How to Kill Your Web Business

So a company has some custom ‘download 2 free tunes” card done for a tradeshow from Puretracks.  I tested the service Friday after we’d had a couple complaints that people couldn’t download.  What resulted is an utter web horror show.

For the record, I had told the folks doing this promo not to even bother if the download didn’t come in mp3 format.  Which of course it doesn’t.

The problems were quite extraordinary.  First, no macs need apply.  Gee, that’s a great way to win business.  Then, two windows machines were unable to get through the registration process without crashing their browsers. 

I was able to get through the heinous process of registration and actually enter the codes to get my two free tunes.  They downloaded okay, but then promptly through a “License Error” – you see, these were in WMA format, and had to be played via Windows Media Player.  So I followed the troubleshooting instructions and downloaded the latest version of Windows Media Player, then retried.  Still nothing. 

So I tried to open a support request.  Up pops a login screen, only this little gem won’t accept my login that I’d just created and had verified by email.  Turns out you have to register…again for support.  So I did that, and sent off an email. 16 hours later, I’m still waiting for a reply.

Here’s the scoop – if I wasn’t testing, I would have stopped at the registration process.  Forget it, I don’t need the stinking free music if it’s in a format that won’t work on my IPOD, that I can’t switch from machine to machine (I use several different computers, and I’m not about to try to move DRM Licenses around.  This is an utterly failed business model.  A couple of hints:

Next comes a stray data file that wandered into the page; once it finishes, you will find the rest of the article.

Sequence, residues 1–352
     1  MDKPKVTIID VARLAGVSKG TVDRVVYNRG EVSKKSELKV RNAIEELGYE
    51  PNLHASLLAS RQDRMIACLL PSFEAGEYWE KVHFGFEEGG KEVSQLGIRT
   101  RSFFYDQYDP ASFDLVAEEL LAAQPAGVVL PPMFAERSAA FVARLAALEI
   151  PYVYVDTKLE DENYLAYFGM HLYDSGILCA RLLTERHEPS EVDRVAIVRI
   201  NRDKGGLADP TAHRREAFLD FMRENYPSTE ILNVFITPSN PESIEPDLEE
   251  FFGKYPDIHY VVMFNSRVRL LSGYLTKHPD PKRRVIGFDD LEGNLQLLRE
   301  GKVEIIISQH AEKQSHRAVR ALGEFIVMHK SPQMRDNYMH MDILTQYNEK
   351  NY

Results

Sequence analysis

• The price point of the product that is delivered here is under a dollar.  Make the effort level required to redeem it on par.
  • If it’s easier to register for online banking, there’s a huge usability problem.
  • If your system isn’t working due to a temporary glitch, let people know via a system message.
  • Provide an easy means to get support without making users register (again) and answer support requests immediately.  No email unanswered within 30 minutes would be the gold standard here.  Better yet, a chat service link ought to solve this.

For those thinking about using free downloadable music cards for handouts:

  • Use a reputable source 
  • Test before you give them to your customers
  • If it’s a Rube Goldberg DRM scenario that is virtually unusable, go with something else.  You will just annoy your customers.
  • If it relies on a single player, such as Windows Media Player, run away.
  • If they can’t use them on an IPOD, don’t bother.
  • Most of the web uses ITunes – your downloads should be ITunes compatible.

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